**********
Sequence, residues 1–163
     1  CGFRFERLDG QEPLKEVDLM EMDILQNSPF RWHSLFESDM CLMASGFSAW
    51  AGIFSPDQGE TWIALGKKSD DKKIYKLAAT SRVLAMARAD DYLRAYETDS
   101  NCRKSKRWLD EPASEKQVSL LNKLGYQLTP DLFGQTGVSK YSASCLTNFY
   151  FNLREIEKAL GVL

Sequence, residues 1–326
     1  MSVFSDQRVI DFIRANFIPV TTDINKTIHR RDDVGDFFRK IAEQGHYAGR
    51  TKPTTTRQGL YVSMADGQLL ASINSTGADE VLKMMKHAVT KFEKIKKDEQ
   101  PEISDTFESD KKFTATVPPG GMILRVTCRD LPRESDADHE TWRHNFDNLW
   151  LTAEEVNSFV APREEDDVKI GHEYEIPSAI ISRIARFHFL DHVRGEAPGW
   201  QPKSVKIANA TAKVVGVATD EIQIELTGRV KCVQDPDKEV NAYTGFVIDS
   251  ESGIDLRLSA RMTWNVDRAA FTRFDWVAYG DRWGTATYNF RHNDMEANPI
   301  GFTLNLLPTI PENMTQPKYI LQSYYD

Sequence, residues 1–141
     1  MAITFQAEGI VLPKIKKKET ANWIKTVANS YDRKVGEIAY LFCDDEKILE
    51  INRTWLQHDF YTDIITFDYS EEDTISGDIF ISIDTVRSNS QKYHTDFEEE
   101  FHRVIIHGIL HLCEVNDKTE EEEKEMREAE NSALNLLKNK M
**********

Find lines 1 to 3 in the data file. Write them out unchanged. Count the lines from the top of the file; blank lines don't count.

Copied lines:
Sequence, residues 1–163
     1  CGFRFERLDG QEPLKEVDLM EMDILQNSPF RWHSLFESDM CLMASGFSAW
    51  AGIFSPDQGE TWIALGKKSD DKKIYKLAAT SRVLAMARAD DYLRAYETDS